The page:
Over in the newsgroups, there’s a raging discussion taking place about how difficult it is for new contributors to contribute to Mozilla. As part of this sort of discussion, people tend to post “my first patch” stories. Rather than reply there, I figured I’d take this chance to update my blog
When I was in high school, I remember hearing about the launch of Netscape 6 and how it was “open source.” Being a budding computer programmer, this was an extremely exciting development. For the first time, I was going to get to see how the “real programmers” did things. So, I downloaded the source code and started looking through it. I’ve always been a “look first, jump later” type person, so even once I’d downloaded the source code and found bugzilla, I lurked. I think I lurked for close to half a year, following bugs that I was interested in by keeping them open and reloading once every few days. Occasionally, if I came across a bug I thought I could fix, I’d write a patch locally, and wait for the assignee to fix it himself and compare our approaches.
The summer after I’d graduated from high school, I was looking through the source code and came across the “htmlparser” top level directory. Now, this was something I could get my brain around. Somehow, I linked that directory to the HTML: Parser component in bugzilla (probably due to a code comment) and started looking through bugs, commenting in a couple of them when I had something useful to say. After a little bit, I found bug 154120, a small bug in “view source.” After having read through the HTML tokenizer code for a while, I’d seen a few things related to “view source”, so I figured out where the bug was and fixed it! I’d been watching other Mozilla developers working in bugzilla and had observed some of the magic incantations (“diff -u” and attaching the result to the bug), but as I was entirely unfamiliar with the process as a whole, I didn’t realize the importance of requesting “review” (as I recall, my hope was that the current assignee of the bug would see the patch and do something useful).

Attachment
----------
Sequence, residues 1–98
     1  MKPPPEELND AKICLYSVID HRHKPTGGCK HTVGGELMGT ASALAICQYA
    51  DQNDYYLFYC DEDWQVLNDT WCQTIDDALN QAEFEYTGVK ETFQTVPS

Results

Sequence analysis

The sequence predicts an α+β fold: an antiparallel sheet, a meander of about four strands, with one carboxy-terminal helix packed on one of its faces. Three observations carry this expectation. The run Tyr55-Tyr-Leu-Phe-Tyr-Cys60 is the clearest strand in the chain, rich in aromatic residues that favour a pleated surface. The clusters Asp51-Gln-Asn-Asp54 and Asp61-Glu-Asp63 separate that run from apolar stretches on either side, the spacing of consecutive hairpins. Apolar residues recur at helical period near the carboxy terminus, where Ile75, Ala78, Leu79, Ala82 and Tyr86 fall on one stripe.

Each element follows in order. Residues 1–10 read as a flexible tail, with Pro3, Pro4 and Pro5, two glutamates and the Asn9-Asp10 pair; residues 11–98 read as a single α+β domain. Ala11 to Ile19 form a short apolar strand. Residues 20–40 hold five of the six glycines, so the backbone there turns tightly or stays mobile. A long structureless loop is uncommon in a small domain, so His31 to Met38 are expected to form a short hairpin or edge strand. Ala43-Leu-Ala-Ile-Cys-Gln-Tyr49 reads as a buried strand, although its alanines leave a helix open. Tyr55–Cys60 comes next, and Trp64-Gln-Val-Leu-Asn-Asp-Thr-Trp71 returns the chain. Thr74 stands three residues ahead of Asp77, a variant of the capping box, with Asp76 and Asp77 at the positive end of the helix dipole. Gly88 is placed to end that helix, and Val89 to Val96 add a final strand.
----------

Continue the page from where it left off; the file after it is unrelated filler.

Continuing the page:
And, nothing happened. I had CC’d myself to the bug and attached the patch, but had no idea of how to advance my patch further. So, I drifted away and went to college for a year and waited until the next summer, entirely forgetting about the patch I had attached. You can imagine my surprise, then, when out of nowhere, I got several e-mails from bugzilla telling me that some guy named Boris Zbarsky had not only seen my patch, but updated it to the current trunk and found it “exactly right.” I still remember the surge of adrenaline kicking in on receiving the e-mail for comment 19 in that bug: “My code is in Mozilla!”
What else could I do? I was instantly hooked on that feeling. Having had success with one view-source bug, I found another one and commented in it. Fortunately, Boris was already CC’d on that one so he could respond and away I went: another (small) bug quickly dispatched, another rush of adrenaline. With Boris to pester on IRC when I had questions and to review my patches (I can only imagine how much I tried his patience, especially in those early days) I was off and running to becoming a developer on Mozilla.4 comments
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